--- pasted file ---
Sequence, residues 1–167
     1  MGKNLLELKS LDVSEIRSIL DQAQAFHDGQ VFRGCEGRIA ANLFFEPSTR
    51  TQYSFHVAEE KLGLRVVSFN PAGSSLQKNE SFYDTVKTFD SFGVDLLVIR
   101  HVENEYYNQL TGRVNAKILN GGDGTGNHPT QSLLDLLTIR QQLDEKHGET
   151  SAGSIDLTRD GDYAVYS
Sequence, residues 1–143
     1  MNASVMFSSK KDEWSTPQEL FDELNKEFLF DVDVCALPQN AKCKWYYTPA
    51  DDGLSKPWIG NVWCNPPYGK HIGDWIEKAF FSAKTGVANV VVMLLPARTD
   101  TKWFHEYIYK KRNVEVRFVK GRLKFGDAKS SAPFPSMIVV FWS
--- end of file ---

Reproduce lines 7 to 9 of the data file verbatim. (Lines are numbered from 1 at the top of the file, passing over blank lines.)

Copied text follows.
     1  MNASVMFSSK KDEWSTPQEL FDELNKEFLF DVDVCALPQN AKCKWYYTPA
    51  DDGLSKPWIG NVWCNPPYGK HIGDWIEKAF FSAKTGVANV VVMLLPARTD
   101  TKWFHEYIYK KRNVEVRFVK GRLKFGDAKS SAPFPSMIVV FWS